By Brand Newland, Pharm. D., and Cal Beyer
Surgeries that are unnecessarily invasive or performed under suboptimal conditions often needlessly increase health plan costs and lead to complications for patients. Creating better pathways to care can help health plan sponsors contain the escalating costs of surgery while contributing to better outcomes for plan members.
The rising costs of surgery have confounded plan sponsors for many years. Surgical procedures are infrequent from an incidence perspective, but they can have a disproportionate impact on health plan budgets and plan member lives.
Approximately 50 million surgeries are performed annually in the United States (Dobson, 2020), and for every 1,000 lives in an employee benefit health plan, it is estimated that between 30 and 50 members will undergo a surgical procedure in a given plan year. The majority of high-cost claimants—members with health care expenses totaling $100,000 or more in a plan year—have had surgery and, in many cases, more than one. Two high-cost claim categories—cancer care and musculoskeletal care—often require surgery.
A 2020 report from the Peterson-KFF Health System Tracker demonstrated that the average cost of inpatient hospital admissions for surgical care nearly doubled from $25,054 in 2008 to $47,345 in 2018. The 2018 Health Care Cost Institute (HCCI) Annual Report revealed that surgery accounted for the largest share of spending among individuals with employer-sponsored insurance, representing 49% of inpatient costs and 37% of outpatient expenses. HCCI further reported that inpatient surgical spending had “the largest cumulative growth between 2014 and 2018, rising 11% over the five-year period.”
More cost increases are likely on the horizon. The COVID-19 pandemic created a backlog of millions of elective surgeries because procedures were delayed for months in 2020. Many reports indicate that the backlog will not be resolved until at least 2023. Even more concerning, cancer screening dropped precipitously during the pandemic. One report estimated that colonoscopies were down by 50% compared with prepandemic levels (Engblum et al., 2022). Missed screenings lead to cancer diagnosis at later, more advanced stages. What once may have been treatable without surgery may now require complex surgical care and lead to higher costs for health plans.
Complications Increase Costs
Surgery-related complications and readmissions further aggravate the economics of surgery, not to mention the member experience. Key complications include:
*Surgical site infections (SSIs): Two to four percent of patients undergoing inpatient surgeries will experience an SSI. These infections are a leading cause of surgery-related readmissions, escalating costs, patient suffering and even death (AHQR). A New England Journal of Medicine study found that nearly one in seven patients hospitalized for a major surgical procedure is readmitted to the hospital within 30 days after discharge.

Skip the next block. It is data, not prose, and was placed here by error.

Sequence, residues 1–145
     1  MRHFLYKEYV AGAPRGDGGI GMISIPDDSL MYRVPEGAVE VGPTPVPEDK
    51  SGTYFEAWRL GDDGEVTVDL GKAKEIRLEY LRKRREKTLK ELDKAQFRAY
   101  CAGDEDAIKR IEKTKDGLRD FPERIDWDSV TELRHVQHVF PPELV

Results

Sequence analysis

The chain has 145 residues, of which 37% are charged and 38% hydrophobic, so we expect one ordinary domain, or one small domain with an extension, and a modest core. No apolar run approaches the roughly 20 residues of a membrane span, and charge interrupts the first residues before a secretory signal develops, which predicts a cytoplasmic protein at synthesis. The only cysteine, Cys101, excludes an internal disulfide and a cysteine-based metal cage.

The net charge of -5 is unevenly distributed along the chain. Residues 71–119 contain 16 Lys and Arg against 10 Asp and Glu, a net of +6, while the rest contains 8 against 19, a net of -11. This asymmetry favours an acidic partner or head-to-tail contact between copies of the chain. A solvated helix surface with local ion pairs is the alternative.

*Opioid dependence: One of the primary reasons that patients return to the emergency room or hospital following surgery is poorly controlled pain. To that end, an important aspect of preparing for optimal surgery is understanding the options for pain management. The importance of proper pain management and diligent opioid risk reduction cannot be overstated. While rarely reported in this manner, opioid dependence following surgical care is, in fact, a postsurgery complication worthy of attention at the level that SSIs and readmissions receive.
Figure 1 highlights persistent opioid use rates for seven common surgical procedures ranging from 6.6% to 17% with an average of 8.7%. Persistent opioid use is defined as one or more fills of an opioid prescription 91 to 180 days after surgery.
Figure 1: Percent of Newly Persistent Opioid Patients by Surgical Procedure
Driving Optimal Outcomes
While surgery is costly, it is often worth the substantial investment. When a surgery results in the removal of cancer or repair of diseased joints—among many other outcomes—patients’ lives are improved and extended. However, unnecessarily invasive surgery or suboptimal conditions can needlessly increase the costs. Following are common factors that contribute to increased costs.
- Suboptimal site of care: A patient may undergo an inpatient procedure that could have been performed on an outpatient basis.
- Inferior surgery preparation: This can include insufficient proactive pain management education and strategies.
- Inadequate postsurgery follow-up: The patient may be left to navigate recovery on their own.